people walking across a field


'How we diversified our small farm'

Campsites, countryside skills courses and even music festivals are among the enterprises cropping up on small farms across the UK.

Around half of the UK's farms have some form of diversified activity in their business, according to Defra, bringing in an average of £10,400 of additional revenue a year.

Benefits can go beyond the financial, too. Broadening the range of business activities can be a great way to utilise existing skills and interests and even encourage the next generation to stay on the farm.

It can also make better use of your farm's resources, for example turning an old barn into a wedding venue or even a brewery, and help to integrate it more with the rural economy.

Embracing change

Jenny Taylor with an Airstream caravan

The options for diversification are only really limited by your imagination.

This is something the Taylor family – Humphrey, Hannah and their daughter Jenny – have embraced. Their farm, a 94 acre mixed farm in the Stour Valley on the Essex-Suffolk border, has been in the family since Humphrey's father bought it back in 1951.

While the family's love of traditional farming means that many aspects of Lower Dairy Farm haven't changed since then, they've also introduced several new ventures over the last few years.

"We still produce cereals and our beef cattle are all descended from the dairy herd my grandfather introduced when he bought the farm," says Jenny. "But, to enable us to continue to farm traditionally, we've diversified, introducing new businesses such as a farm shop, a nearly wild campsite and timber frame repair courses." 

Where did it begin?

A sign outside Lower Dairy Farm advertising the farm shop

Jenny's parents started selling their beef directly to the public in 2006. "It started with a handwritten note outside the farm but, as business grew, we set up a farm shop selling direct from the farmhouse and expanded the range of produce on sale," Jenny explains.

As well as the farm's 28 day aged, grass fed beef, the shop also stocks free range pork and eggs, seasonal produce and a range of more than 30 preserves, chutneys, jams, pickles and mustards handmade by Hannah.

Jenny felt inspired to move back to the farm five years ago. "I'd always wanted to work on the farm and by adding new revenue streams this has become possible," she explains.

As part of this, she set up the nearly wild campsite on the farm's water meadows. As well as accepting bookings directly, Jenny works with a local company, Outdoor Hire Centre, to offer camping as part of a two day canoe adventure trip on the River Stour. "We've just had our first summer and already we've got return bookings for next year," she adds. "I've also renovated an old Airstream caravan to rent out to people looking for more luxury."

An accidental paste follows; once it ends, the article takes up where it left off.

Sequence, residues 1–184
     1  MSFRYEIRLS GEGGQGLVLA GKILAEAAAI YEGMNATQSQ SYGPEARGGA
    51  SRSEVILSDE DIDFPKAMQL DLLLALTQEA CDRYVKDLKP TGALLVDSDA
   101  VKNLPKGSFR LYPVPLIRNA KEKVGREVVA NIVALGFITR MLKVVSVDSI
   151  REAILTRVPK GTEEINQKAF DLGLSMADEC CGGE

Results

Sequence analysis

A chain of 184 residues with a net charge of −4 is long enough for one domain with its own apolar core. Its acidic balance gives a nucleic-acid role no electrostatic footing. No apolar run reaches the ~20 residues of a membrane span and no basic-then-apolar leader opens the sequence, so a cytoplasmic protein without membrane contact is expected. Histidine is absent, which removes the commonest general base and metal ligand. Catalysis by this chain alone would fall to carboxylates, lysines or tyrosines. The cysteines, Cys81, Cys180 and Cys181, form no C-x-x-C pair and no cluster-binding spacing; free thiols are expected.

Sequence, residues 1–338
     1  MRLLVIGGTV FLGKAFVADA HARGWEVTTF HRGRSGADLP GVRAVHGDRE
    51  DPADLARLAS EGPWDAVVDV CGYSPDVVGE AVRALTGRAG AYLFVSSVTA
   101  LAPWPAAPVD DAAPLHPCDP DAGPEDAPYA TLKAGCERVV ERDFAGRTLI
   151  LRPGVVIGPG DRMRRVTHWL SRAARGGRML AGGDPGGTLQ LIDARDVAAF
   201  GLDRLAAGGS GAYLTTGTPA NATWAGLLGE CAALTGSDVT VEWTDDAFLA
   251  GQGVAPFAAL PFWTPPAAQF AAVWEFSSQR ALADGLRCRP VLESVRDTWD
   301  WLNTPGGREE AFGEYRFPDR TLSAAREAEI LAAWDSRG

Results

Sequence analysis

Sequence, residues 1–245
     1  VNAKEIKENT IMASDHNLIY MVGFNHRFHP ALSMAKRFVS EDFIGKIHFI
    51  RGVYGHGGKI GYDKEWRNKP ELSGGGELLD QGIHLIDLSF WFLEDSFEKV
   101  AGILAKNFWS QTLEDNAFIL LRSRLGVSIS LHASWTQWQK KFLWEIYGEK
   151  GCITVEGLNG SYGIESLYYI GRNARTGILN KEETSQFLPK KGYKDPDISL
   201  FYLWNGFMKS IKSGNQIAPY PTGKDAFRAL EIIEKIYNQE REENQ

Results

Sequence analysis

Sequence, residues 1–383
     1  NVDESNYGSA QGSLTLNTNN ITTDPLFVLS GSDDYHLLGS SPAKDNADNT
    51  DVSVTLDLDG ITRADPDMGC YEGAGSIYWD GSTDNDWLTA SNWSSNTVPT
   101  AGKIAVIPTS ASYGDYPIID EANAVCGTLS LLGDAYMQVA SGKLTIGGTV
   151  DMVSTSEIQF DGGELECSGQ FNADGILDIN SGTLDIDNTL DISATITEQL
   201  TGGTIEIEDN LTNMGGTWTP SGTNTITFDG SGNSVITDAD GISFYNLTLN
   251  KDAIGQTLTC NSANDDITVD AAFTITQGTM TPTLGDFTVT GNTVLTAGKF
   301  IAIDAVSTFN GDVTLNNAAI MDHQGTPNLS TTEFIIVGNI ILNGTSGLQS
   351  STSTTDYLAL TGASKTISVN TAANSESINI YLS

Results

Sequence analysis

Challenges for small farms

A selection of jams and pickles produced at Lower Dairy Farm

Although the family is pleased with the way these new ventures are working out, Jenny admits that the biggest challenge is finding the time. "My mum and I both work off the farm so sometimes it can be tricky to juggle everything alongside the existing farm business. It's helped that we've been able to start small and build up the shop and campsite gradually, and that we've partnered with the Outdoor Hire Centre to generate business."  

The family has also benefitted from advice from the University of Cambridge's Rural Business Unit, which conducts the Farm Business Survey on behalf of Defra. "They told us to stick to things we were passionate about and to be flexible," says Jenny.

"You read about farm diversification where they've had lots of money to put into a new business. It's not as easy on a small farm if you don't have this funding available, but it's still possible to achieve a lot."

As an example, the Taylors run lots of smaller events on the farm including farm walks, timber frame repair courses, Open Farm Sundays and even a dog training day on one of the fields. "These are a great opportunity to attract more people to the farm and showcase what we do," says Jenny. "Next year we're planning a small film festival, with screens set up throughout the farm and we'll continue to explore new ideas to further diversify the business."  

And, while there are plenty of plans for the future, the family has already felt the benefit of the new business ventures. As well as enabling Jenny to move back home and the family to carry on farming traditionally, she says it has created a bit of a buzz. "It's a small farm, which can be quite isolating, but by having the shop and the campsite, it means there's always something to talk about," say Jenny. "It's a very special place and it's great to be able to share it with other people."  

  • Find out more about Farm Essentials: insurance for farms under 50 hectares